Real men do housework
When David Cameron went to Sweden recently, he did some thinking aloud. He made some remarks allowing Number 10 to hype up the suggestion that the Government was seriously considering Swedish style tax relief for working mothers to use domestic staff. David Cameron said: “What you do in Sweden in terms of tax help and tax relief, not so much on child care but on other things that help women go out to work, I thought that was a very interesting idea that I want to look at further.”
The Swedish government allows people to deduct from their tax bill half the cost of household services such as cleaning, cooking, lawn-mowing and babysitting. If George Osborne does introduce tax relief on domestic cleaning staff in the UK, there is no doubt it will help well off families but it will also further entrench gender inequality among lower earners. The revolution in gender roles is unfinished business. Women still shoulder the overwhelming burden of household tasks, particularly after they have had children. When they earn more, their bargaining power with their partners increases, so closing the gender pay gap would help.
New IPPR analysis, published this week, shows that just one in ten married men (10%) do an equal amount of housework as their wives but that a slightly higher proportion (13%) actually do more housework than their wives.
The latest statistics show the number of ‘house husbands’ in Britain has trebled in the last 15 years, although there are still just 62,000 men who are economically inactive and say they care for family or the home.
But this shows that couples find it easier to split into traditional ‘breadwinner’ and ‘homemaker’ roles than they do to share employment, childcare and housework.
IPPR’s analysis shows how patterns of housework have slowly changed over the last half century. We looked at women born in 1958 and compared them to women born in 1970, when both cohorts of women were in their early thirties. More than eight out of ten women (85 per cent) born in 1958 said they do more ‘laundry and ironing’ than their partner, while just over seven out of ten women (75 per cent) born in 1970 agreed. For the latest cohort of women in their thirties, progress has slipped slightly back, with 77 per cent saying their do more than their husbands.
We were surprised to find that more than eight out of ten married women (87%) still do seven or more hours a week of housework, the equivalent of an entire working day spent on housework. Just 3% of married women are able to do less than three hours of housework each week. It is likely that most of these couples have paid help although there are no official figures for the number of UK homes that employ domestic staff.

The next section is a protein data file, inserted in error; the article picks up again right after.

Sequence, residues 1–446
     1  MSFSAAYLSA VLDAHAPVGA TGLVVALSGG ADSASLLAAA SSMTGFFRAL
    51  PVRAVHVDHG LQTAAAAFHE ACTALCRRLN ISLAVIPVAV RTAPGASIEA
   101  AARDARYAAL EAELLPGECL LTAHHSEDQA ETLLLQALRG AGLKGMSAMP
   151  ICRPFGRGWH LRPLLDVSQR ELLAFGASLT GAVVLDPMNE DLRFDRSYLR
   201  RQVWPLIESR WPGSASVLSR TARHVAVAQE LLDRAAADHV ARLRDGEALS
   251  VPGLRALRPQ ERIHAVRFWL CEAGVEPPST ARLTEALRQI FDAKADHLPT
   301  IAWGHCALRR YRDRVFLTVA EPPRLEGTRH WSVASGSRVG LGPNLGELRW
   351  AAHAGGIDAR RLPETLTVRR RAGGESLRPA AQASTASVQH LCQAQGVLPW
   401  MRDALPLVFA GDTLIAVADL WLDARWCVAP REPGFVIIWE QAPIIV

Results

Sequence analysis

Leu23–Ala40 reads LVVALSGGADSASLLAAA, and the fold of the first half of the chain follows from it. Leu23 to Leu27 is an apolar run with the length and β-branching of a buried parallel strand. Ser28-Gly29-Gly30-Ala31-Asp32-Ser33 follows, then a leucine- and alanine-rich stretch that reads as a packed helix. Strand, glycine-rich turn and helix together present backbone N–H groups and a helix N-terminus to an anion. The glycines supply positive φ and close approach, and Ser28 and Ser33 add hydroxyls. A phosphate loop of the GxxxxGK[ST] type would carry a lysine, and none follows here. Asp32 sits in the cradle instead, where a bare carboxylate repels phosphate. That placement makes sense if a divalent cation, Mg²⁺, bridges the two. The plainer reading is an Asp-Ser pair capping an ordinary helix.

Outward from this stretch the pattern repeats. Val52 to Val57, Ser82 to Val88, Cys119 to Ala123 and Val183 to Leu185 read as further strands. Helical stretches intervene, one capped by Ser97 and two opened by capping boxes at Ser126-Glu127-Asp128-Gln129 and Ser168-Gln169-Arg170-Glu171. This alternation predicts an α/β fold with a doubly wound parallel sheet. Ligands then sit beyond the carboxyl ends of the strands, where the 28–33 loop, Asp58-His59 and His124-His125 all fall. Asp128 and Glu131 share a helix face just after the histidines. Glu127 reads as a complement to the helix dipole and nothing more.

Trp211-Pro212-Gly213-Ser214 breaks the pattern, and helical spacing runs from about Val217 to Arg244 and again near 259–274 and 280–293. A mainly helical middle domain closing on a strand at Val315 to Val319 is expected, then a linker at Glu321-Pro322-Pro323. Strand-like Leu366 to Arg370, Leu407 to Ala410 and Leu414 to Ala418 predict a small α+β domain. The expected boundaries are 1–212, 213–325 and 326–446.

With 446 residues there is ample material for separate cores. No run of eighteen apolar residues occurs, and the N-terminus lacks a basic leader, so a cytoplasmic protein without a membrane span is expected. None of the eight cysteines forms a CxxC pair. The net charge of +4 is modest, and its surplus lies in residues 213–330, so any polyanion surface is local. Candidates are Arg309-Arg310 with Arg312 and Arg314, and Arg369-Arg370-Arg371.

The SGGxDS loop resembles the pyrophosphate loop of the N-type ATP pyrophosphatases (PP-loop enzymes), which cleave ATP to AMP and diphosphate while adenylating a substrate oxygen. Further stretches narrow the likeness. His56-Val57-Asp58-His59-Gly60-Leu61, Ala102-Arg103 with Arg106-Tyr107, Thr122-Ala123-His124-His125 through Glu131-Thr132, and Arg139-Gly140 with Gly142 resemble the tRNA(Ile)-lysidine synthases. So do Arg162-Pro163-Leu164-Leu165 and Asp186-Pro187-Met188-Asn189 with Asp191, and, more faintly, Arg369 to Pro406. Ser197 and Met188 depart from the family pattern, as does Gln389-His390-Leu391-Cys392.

Households from higher socio-economic groups are more likely to have ‘laundry and ironing’ done by hired help. But the proportion has declined over time, with 6 per cent of professional and managerial women who were born in 1958 saying someone else does the laundry and ironing (when they were 33 years old), compared with 3.6 per cent of professional and managerial women born in 1970 (when they were 30 years old).
The biggest advances have been made by women who do not have dependent children in their home. Just over one in five women (22 per cent) born in 1958, but without children, say their partner shares laundry and ironing equally. Almost a third of women (30 per cent) without children born in 1970 agreed. Academic evidence suggesting that dual earner couples without children are the most gender equal.
Academic evidence using time-use survey data, shows that men in dual earner couples with higher levels of educational attainment now contribute substantially more to childcare than men with lower educational attainment. This change has occurred since the 1970s. But for other household work – excluding childcare – the same change has not occurred. Instead, there has been a ‘catching up’ among men with lower levels of educational attainment since the 1970s but they only equal the contribution of college-educated men. Overall, parents appear to be including their children in their own leisure time.
Academic evidence from Denmark shows men are the unequal party, if you take into account average working day, housework and leisure activity. Other evidence shows that national universal childcare policy increases women’s participation in the labour market and that welfare regimes play an important role in gender equality.
The route to modern feminist goals must pass through fathers. Universal childcare, rather than tax relief for nannies or cleaners is the best way forward for a family friendly, more equal Britain. Men should work more flexibly, take greater responsibility for caring for their children and their homes, and have the right to reserved parental leave.
The state should offer universal pre-school childcare, which will pay for itself over time by increasing the UK’s female employment rate and boosting tax paid by working mothers. The route to gender equality requires society to change and for men to voluntarily do more of their fair share. In 21st century Britain, real men do housework.
Richard Darlington is Head of News at IPPR
Follow him on Twitter @RDarlo
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